Fish Oil for Everyone: Why the Young, Old & Active All Need Omega-3s
Omega-3s Crucial for Fetal Development
Remember that groundbreaking study from last year that determined vitamin D3 supplementation should begin at birth? Well, now another nutrient is making its way into the womb.
Researchers from the University of California at Irvine tested the effects of maternal omega-3 fatty acid deprivation on female frogs and tadpoles and found that a lack of essential fatty acids can have negative impacts on brain development.
Specifically, the researchers linked DHA deficiencies to inhibited brain growth, stunted dendrite maturation and synaptic connectivity, and decreased neuron function.
Improving omega-3 fatty acid intakes later in pregnancy were also found to make up for lower intakes earlier on in the development process.
Fish Oil Preserves Brain Function in Older Folks
The benefits of fish oil stretch across the decades of life and into old age as the brain requires more support from supplemental nutrients. A recent study published in Alzheimer’s & Dementia followed 193 subjects with Alzheimer’s disease, 397 subjects with mild cognitive impairment, and 229 subjects with healthy brain function for five years to observe the effects of fish oil on these three groups. 117 subjects in total reported regular fish oil use.
Neuropsychological tests and MRIs at every six months revealed that while average hippocampus and cerebral cortex gray matter volume decreased over time in the subject pool as whole, those who supplemented with fish oil showed less damage in these areas.
Supplementing with omega-3 fatty acids may have the power to help slow age-related cognitive decline by nourishing the brain with the very stuff it’s made of!
Why Fish Oil is Better than Dietary Fish Consumption
While consuming fresh, wild-caught fish is great in moderation, there are a few reasons you might want to turn to fish oil supplements to meet your daily omega-3 fatty acid needs.
- The nutrients are more concentrated: A 6 oz. portion of wild salmon contains 883 mg of EPA and 1,111 mg of DHA. In order to meet adequate omega-3 requirements, you’d have to eat 2-3 servings a week. Who wants to be just “adequate” when it comes to your health?
- It’s cost-effective: If you’re looking to really up your intake to say, 1.5 grams per day, you’d have to eat 8.5 oz. of salmon every single day. Unfortunately for many of us, that’s just not doable as high-quality wild caught fish can be quite expensive. You could easily pay double the cost of an entire bottle of fish oil for just one serving of fish!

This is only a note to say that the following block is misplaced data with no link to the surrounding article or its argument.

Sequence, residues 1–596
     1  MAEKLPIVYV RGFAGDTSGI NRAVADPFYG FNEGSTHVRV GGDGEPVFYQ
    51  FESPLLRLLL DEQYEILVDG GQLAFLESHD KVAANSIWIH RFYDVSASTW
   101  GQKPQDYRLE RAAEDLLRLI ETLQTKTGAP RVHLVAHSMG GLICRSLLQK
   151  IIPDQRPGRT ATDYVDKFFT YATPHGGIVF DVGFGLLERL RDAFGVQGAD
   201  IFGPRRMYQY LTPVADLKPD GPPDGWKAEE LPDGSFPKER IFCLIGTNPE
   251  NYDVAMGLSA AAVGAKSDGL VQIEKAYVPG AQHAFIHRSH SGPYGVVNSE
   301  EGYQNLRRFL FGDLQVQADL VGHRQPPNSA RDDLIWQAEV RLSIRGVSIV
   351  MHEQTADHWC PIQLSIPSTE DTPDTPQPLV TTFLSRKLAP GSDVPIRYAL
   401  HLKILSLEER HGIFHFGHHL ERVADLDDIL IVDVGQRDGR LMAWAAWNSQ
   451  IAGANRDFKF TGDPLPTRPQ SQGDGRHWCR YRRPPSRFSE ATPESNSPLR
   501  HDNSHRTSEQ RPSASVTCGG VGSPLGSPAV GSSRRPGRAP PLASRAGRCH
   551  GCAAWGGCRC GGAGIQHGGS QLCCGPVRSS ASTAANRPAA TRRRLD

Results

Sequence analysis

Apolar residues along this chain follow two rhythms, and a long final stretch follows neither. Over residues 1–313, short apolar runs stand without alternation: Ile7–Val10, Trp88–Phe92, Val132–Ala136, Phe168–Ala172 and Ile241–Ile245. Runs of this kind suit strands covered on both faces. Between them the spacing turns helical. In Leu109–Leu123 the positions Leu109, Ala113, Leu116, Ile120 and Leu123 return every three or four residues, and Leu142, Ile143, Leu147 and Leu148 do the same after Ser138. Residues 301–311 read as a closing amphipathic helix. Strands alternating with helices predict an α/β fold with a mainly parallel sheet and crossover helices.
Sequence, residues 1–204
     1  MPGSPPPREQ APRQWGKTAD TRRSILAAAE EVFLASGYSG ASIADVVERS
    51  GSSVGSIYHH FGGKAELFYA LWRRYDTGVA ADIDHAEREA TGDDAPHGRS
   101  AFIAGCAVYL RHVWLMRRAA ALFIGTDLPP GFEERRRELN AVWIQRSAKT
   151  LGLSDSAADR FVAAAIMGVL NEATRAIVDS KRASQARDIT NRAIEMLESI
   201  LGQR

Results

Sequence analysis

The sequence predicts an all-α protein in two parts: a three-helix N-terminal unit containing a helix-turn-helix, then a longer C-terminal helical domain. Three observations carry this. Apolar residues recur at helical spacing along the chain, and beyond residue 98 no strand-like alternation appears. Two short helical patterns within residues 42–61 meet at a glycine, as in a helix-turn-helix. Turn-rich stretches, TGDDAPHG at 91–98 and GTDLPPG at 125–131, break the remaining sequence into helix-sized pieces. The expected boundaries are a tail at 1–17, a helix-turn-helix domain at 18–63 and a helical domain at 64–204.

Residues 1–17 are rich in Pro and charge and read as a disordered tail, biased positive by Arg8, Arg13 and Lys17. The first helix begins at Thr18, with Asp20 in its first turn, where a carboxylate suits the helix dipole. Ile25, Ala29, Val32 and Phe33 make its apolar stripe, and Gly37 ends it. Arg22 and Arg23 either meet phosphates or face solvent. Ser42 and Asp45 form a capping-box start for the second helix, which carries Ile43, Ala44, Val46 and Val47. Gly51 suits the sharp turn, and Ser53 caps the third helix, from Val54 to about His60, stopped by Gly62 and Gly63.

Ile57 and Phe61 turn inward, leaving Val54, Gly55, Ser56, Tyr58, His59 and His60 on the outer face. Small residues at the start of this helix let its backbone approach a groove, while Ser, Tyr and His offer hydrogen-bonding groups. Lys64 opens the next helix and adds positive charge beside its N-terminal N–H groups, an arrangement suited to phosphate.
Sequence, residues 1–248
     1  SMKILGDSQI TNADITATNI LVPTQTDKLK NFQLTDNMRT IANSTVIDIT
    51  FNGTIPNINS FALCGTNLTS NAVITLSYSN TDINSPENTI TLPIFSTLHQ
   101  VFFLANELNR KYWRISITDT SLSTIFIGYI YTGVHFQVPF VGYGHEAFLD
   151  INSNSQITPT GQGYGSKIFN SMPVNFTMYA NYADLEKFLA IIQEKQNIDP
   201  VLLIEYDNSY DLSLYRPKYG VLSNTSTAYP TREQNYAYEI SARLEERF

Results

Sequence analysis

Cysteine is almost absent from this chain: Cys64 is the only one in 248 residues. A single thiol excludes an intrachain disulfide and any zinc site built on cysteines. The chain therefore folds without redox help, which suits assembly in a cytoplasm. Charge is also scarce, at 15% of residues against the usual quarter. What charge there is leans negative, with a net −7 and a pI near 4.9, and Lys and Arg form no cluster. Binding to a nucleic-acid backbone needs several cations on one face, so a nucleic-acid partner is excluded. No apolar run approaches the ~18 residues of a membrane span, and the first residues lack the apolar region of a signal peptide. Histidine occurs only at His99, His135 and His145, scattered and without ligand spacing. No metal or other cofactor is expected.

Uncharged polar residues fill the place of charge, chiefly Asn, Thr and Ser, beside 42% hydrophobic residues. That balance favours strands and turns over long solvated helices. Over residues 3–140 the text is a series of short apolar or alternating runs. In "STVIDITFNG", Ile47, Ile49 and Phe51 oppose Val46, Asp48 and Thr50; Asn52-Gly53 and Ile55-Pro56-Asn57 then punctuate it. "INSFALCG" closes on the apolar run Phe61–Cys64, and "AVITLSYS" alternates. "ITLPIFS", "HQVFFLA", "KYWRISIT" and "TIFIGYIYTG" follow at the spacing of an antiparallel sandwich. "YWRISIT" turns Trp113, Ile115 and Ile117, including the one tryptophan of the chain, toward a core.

- It provides bolder benefits: Some of the benefits of taking fish oil supplements have not been observed in people who consume diets high in fresh fish. For example, one study which found taking fish oil decreased coronary heart disease risk found no associations between dietary fish consumption and CHD risk.
- You don’t have to worry about toxic pollutants: If you’re taking a high-quality fish oil supplement from a company you trust, you shouldn’t have to worry about overloading your body with nasty toxins. Sadly, our ocean environments are often contaminated with metallic pollutants like mercury. These toxins build up in the flesh of fish and other seafood and ultimately accumulate in the body of the consumer, which can lead to serious health problems.
Fast Facts: Be sure to take your fish oil with a high-fat (healthy fat, that is) meal! One study showed that fish oil was better absorbed and that blood levels of omega-3 fatty acids rose more rapidly when taken with 12g of olive oil.
Fish Oil Found to Boost Performance for Cyclists
Fish oil has long been a friend of athletes and adventurers alike because of its ability to support healthy joints and encourage suppleness. Now, researchers have added a new notch on this mega-nutrient’s belt.
Researchers discovered that supplementing with 1.3 grams of omega-3 fatty acids per day boosted baseline nitric oxide concentrations by an average of 8 micromoles per liter more than placebo, and boosted flow-mediated dilation by 5.25% in cyclists. Flow-mediated dilation is a marker of cardiovascular health and the observed uptick in blood flow was associated with better oxygen utilization as well.
These results mark another win for the growing body of science supporting the use of omega-3s for sports nutrition.